The value for springs cannot be underestimated, I personally think everyone should go this route and see if it enough for them. I did it first and had springs on the car for two years without issues and loved every moment of it. Nearing this May, I just wanted more performance and moved to coilovers. I do think coilovers are a great deal if you need the adjustment or the guarantee of a good combination of spring/damper setup. I’d like to thank Myles from RCE for his support with my car and making these products, and by the way this is not sponsored, I paid for everything myself.

I wanted to leave some photos of the ride height of my GTWORX Trophy Cup Coilovers

Coilovers:



do you really think it is worth going through these steps. Was going to buy coilovers, but was really unsure about buy them or springs and LCA
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Old 09-01-2018, 02:58 PM   #1804
gasgaskid
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Installed a 14mm rear swaybar from a Forester on my 2016 wrx base model, still corners like on rails but has allowed the frame to flow over the bumps a little better, also have installed the premium model springs and struts, (old kart racing trick). Car works better as a daily driver now.
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Old 09-02-2018, 10:49 PM   #1805
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Quote:
Originally Posted by gasgaskid View Post
Installed a 14mm rear swaybar from a Forester on my 2016 wrx base model, still corners like on rails but has allowed the frame to flow over the bumps a little better, also have installed the premium model springs and struts, (old kart racing trick). Car works better as a daily driver now.
define a little better,
10%/30%/60% ?
i find the rear hits big bumps (mine is Premium model) too harsh and bounces and If i went coilovers, it would not make it any better.
i'd hate to be a rear passenger in these situations
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Old 09-03-2018, 06:16 PM   #1806
fullah
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Anyone running Tein Basis Coilovers on their WRX? I have used these on my Nissan and was happy with them for being under $500. I see a set for the 2015 wrx is around $450 which I think is a great value.

My concern is I actually like the stock ride quality as a daily driver but want to drop my car. The tein basis spring rates aren't crazy high so it shouldn't be that bad just haven't seen much in terms of reviews on here.
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Old 09-04-2018, 02:39 PM   #1807
Charles33579
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Quote:
Originally Posted by RaceComp Engineering View Post
The RCE Yellows might not be the best choice for you and your roads, but the more mild drop of our RCE Blacks would work nicely. Bad roads aren't going to magically be better, but the mild drop, replacement bumpstops, and firm but not too firm spring rates will keep things in a good place.

- Andrew
How do the spring rates of the blacks compare to the OEM spring rates on the 18 WRX Premium ?

I autoX exclusively on a sticky concrete runway site and looking for a solution to stop the rear tires from lifting off the ground. I can't imagine this is conducive to long term rear diff health :-)

My 18 WRX Premium is currently bone stock with the exception of 255 RE71R's and maxxed out front camber(they only got me -0.7)
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Old 09-05-2018, 11:13 AM   #1808
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Originally Posted by Charles33579 View Post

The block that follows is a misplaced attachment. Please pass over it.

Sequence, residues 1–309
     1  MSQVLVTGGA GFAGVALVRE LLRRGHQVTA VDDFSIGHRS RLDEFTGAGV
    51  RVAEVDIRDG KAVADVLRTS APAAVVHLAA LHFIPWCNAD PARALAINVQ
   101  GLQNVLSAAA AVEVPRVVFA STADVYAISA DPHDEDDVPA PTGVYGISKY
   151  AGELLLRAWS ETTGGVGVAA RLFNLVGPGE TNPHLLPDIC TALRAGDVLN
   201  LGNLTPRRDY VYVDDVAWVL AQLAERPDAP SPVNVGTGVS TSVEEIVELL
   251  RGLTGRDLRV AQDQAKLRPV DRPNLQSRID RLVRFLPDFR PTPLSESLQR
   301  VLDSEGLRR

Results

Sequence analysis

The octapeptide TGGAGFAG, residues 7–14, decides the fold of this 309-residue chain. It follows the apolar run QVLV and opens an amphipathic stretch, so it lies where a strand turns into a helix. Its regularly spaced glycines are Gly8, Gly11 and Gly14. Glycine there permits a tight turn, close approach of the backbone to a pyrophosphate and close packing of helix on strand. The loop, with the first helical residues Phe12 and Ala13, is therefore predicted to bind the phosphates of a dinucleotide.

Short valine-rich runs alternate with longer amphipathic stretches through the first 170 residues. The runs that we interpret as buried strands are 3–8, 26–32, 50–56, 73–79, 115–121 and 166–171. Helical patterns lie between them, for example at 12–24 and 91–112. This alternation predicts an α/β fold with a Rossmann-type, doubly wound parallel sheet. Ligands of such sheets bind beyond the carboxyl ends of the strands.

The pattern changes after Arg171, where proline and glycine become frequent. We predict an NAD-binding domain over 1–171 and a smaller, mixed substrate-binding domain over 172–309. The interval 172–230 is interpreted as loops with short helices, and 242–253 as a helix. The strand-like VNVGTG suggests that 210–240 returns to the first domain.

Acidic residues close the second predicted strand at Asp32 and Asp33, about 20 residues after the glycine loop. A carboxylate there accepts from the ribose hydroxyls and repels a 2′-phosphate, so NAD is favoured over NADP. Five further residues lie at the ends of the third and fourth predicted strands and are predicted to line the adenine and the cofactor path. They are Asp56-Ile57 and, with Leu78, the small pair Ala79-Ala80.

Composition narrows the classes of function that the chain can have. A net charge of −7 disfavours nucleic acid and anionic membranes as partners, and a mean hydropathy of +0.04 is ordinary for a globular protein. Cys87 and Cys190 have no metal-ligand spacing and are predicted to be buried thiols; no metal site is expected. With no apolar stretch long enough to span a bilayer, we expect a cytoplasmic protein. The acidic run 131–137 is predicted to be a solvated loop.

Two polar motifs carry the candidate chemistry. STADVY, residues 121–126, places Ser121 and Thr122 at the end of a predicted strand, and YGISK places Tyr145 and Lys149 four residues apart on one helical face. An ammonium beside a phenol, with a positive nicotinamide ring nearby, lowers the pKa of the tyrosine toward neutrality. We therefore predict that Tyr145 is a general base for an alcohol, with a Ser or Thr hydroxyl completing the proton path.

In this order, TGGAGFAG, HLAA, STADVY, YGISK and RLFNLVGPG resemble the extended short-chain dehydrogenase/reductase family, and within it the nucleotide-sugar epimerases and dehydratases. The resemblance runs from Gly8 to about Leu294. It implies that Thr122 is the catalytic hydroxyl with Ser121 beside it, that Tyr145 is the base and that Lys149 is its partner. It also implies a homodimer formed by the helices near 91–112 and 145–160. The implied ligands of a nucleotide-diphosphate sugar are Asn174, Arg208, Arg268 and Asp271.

How do the spring rates of the blacks compare to the OEM spring rates on the 18 WRX Premium ?

I autoX exclusively on a sticky concrete runway site and looking for a solution to stop the rear tires from lifting off the ground. I can't imagine this is conducive to long term rear diff health :-)

My 18 WRX Premium is currently bone stock with the exception of 255 RE71R's and maxxed out front camber(they only got me -0.7)
They're much firmer, but just below what most coilovers would give you.

The new chassis is prone to lifting wheels...the springs alone won't solve this problem. They will help a little bit. A front swaybar will help as well, but may alter the balance of the car in a way that you don't like (little bit of driver preference at play there). Big priority for you is more front camber with those tires!

- Andrew
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Old 09-05-2018, 12:51 PM   #1809
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Originally Posted by RaceComp Engineering View Post
They're much firmer, but just below what most coilovers would give you.



The new chassis is prone to lifting wheels...the springs alone won't solve this problem. They will help a little bit. A front swaybar will help as well, but may alter the balance of the car in a way that you don't like (little bit of driver preference at play there). Big priority for you is more front camber with those tires!



- Andrew


If I understand your item description for your camber adjustable tophats correctly, they are fully compatible with the OEM strut/spring combo on my 18? Assuming I could dial in well over -2 camber with these plates even on stock springs?

I understand most people would never go through the labor without replacing springs or struts but I have a history of neck injuries and won’t tolerate a firmer ride 24/7 well.

Thanks for your time.
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Old 09-06-2018, 03:00 PM   #1810
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Originally Posted by Charles33579 View Post
If I understand your item description for your camber adjustable tophats correctly, they are fully compatible with the OEM strut/spring combo on my 18? Assuming I could dial in well over -2 camber with these plates even on stock springs?

I understand most people would never go through the labor without replacing springs or struts but I have a history of neck injuries and won’t tolerate a firmer ride 24/7 well.

Thanks for your time.